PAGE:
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Media Day is an 'Only in America' testament to diversity and excess

Peyton ManningDenver BroncosJohn FoxSuper BowlNFLPrudential CenterSeattle Seahawks

NEWARK — There were those who were definitely looking for attention at Super Bowl Media Day on Tuesday, like the guy dressed in Colonial Williamsburg-type garb or the fellow from Denmark who was dressed as the Where's Waldo character.

But Joe Piscopo wasn't seeking any camera time for himself inside the Prudential Center. He was just trying to get a picture of Peyton Manning for his young son, who was wearing Manning's No. 18 Broncos jersey.

"We're all Peyton Manning fans," Piscopo, the actor/comedian best known for his impersonations years ago on Saturday Night Live, said. "Anybody who's old in sports I tend to like."

Piscopo was beaming with pride because this Jersey Boy from Passaic, who attended nearby West Essex High, had the Super Bowl plopped in his backyard.

"I've been to Super Bowls before, but this one's special because they brought it home," he said. "It's all about New York and we certainly love the No. 1 city, but I'm so glad that the game is at MetLife Stadium and them bringing this Media Day here to Newark … this is the smartest, coolest thing they could have possibly done."

Newark, with its 277,000-plus residents, is only the 67th largest city in the country, but it became the epicenter of the sports world for more than three hours as the Broncos and Seahawks met the media in an event that should carry the "Only in America" label.

Combine media, celebrity and the Super Bowl and use New York City as the backdrop and Media Day for SB XLVIII was the ultimate in excessive extravaganzas.

Yet, somehow it seemed appropriate here in the shadow of the Statue of Liberty because Newark became a melting pot of cultures, nationalities and job statuses on Tuesday thanks to the unifying force of the NFL.

Usually, this "event" is held in the stadium hosting the game and there's 120 yards worth of elbow room.

But considering it was about 14 degrees outside when the Prudential Center doors opened, it was good that the NFL decided to take this spectacle inside even if it meant tripping over each other's camera cords and bumping into somebody's microphone while just taking a moment to look down at your cellphone.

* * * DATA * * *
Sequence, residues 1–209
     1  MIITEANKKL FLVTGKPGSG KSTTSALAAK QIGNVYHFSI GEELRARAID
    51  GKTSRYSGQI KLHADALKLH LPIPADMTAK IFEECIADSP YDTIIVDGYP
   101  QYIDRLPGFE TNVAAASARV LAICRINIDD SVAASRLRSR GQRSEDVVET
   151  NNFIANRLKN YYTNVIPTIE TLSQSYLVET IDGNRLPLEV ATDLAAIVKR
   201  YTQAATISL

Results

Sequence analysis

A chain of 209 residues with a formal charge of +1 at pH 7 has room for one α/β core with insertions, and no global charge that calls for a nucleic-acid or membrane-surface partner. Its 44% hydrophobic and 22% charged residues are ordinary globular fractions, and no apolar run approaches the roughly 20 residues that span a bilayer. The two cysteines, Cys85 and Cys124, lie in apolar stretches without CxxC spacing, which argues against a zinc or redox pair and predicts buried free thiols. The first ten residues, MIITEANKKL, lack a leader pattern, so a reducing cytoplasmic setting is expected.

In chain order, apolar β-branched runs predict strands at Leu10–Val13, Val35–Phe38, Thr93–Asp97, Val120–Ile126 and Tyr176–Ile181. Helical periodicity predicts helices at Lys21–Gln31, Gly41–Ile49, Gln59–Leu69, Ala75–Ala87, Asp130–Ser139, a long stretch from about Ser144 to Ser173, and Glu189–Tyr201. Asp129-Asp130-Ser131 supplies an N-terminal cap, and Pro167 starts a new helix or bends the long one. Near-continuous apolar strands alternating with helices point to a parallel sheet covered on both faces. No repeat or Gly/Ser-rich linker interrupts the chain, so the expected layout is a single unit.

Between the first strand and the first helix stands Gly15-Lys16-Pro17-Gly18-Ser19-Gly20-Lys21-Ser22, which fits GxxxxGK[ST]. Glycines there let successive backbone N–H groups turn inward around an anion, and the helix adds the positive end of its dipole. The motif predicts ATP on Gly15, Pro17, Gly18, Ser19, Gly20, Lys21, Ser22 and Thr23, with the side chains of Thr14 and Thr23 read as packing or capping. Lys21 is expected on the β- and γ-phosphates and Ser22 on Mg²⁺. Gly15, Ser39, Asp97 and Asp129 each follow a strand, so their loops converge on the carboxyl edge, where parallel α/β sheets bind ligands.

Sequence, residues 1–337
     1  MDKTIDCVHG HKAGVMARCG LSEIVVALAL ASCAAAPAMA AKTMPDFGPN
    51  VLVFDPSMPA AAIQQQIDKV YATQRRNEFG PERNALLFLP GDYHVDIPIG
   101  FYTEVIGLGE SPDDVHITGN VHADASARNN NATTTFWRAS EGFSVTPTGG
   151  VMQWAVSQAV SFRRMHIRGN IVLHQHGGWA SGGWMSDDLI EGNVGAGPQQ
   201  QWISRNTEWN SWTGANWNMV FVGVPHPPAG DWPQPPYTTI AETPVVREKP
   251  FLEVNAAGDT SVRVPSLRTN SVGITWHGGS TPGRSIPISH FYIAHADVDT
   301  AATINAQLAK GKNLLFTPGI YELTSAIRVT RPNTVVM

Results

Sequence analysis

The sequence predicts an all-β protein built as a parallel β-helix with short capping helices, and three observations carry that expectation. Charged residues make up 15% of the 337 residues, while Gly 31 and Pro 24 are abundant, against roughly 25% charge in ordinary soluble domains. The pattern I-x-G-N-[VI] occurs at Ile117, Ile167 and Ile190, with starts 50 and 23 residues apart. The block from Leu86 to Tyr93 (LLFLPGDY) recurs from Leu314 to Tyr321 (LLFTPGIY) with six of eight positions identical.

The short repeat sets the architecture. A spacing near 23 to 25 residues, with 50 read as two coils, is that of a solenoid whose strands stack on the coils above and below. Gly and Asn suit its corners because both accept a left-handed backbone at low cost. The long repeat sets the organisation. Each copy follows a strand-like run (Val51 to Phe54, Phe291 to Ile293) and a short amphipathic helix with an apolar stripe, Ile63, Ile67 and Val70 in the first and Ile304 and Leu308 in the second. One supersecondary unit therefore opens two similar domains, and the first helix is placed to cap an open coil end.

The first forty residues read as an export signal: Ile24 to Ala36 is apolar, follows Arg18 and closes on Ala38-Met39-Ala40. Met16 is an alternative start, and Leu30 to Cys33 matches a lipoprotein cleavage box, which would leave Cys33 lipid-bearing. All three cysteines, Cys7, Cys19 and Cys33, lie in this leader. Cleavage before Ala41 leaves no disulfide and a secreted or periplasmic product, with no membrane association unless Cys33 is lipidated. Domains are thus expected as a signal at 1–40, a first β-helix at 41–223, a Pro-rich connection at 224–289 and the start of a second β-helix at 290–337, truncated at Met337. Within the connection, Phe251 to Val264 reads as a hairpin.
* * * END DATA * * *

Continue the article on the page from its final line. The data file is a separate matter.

Media people from all over the world converged on Newark to find out such important things as Paris Lenon's favorite food, or what Pete Carroll thinks about the hotel accommodations in Jersey City. An elderly woman asked Manning for a hug.

There was one guy roaming the crowded arena floor with the sole purpose of asking everyone who would be the actor they would like to portray them in a movie should one be made about their life.

Most of the marquee players were given podiums to meet the masses, but Seattle's Marshawn Lynch wasn't and that might be why he quickly grew tired of the Q-and-A and bolted after just six minutes.

Manning and Richard Sherman were given stages front and center and both entered the arena like rock stars with cameras clicking and microphones in their face.

Reporters were camped out in front of their locations more than 30 minutes in advance, and to the players' credit, both sat there and answered question after question for a full hour with equal parts of enthusiasm and exasperation.

It got so hard to see and hear Sherman at one point that reporters retreated to where loudspeakers were set up and tape recorded his words as if they were listening to the radio.

With several thousand reporters on hand and only a handful of compelling story lines to document, many scribes were hanging on Sherman's every word, hoping he'd utter something that would sizzle and sell. They knew that they weren't going to get that from the ever-cautious Manning,

This was one occasion where the guys asking the questions were often better known than those asking them.

In addition to Piscopo, some notables with press credentials included gymnast and Olympics gold medalist Gabby Douglas, who was serving as a correspondent for "Inside Edition"; actor Hank Azaria, and "America's Got Talent" host and Mariah Carey spouse Nick Cannon, who was dressed in a Broncos jersey.

And then there was Notre Dame's No. 1 fan and renowned talk show and game show host and New York native Regis Philbin asking Denver coach John Fox if he had a spot on the roster for him on Sunday.

"Honest to God, I can zoom down the field," Philbin told Fox.

"Oh, I've got a spot for you," Fox said. "You might not like the job, but I've got a spot for you."

Even players from other teams and athletes from other sports showed up. The Eagles' DeSean Jackson and the Giants' Antrel Rolle both made their way back from Hawaii and the Pro Bowl in a hurry to be part of the scene.

Former Yankees and Mets pitcher and current MLB Network analyst Al Leiter was also there, not necessarily to work, but just check out the scene.

Like Piscopo, Leiter, a Toms River native, was happy that this day unfolded in the Garden State and looks forward to the even bigger moment on Sunday night

"This is not a New York thing, this is Jersey. … the venue for the game is New Jersey," Leiter said. "It's like the Angels wanting to disguise the fact that they play in Anaheim by calling themselves Los Angeles. It's good for us. There's a great vibe here. We're making a nice showing. Hopefully, there will be no glitches and the weather will be good."

And on that, the Broncos, Seahawks, the media, and even the Where's Waldo guy could all agree.

Copyright © 2014, The Baltimore Sun
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